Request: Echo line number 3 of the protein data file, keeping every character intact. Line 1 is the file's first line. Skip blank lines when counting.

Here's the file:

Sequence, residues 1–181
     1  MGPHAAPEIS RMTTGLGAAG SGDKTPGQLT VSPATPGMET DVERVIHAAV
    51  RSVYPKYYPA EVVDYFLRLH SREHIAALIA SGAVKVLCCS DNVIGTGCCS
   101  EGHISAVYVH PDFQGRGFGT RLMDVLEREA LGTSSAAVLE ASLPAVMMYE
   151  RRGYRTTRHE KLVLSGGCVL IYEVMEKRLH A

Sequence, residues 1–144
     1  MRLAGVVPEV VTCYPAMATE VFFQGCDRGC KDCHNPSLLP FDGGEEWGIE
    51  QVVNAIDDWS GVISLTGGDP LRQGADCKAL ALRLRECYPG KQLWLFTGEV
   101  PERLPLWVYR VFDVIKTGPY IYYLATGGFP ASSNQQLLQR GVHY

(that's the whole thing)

    51  RSVYPKYYPA EVVDYFLRLH SREHIAALIA SGAVKVLCCS DNVIGTGCCS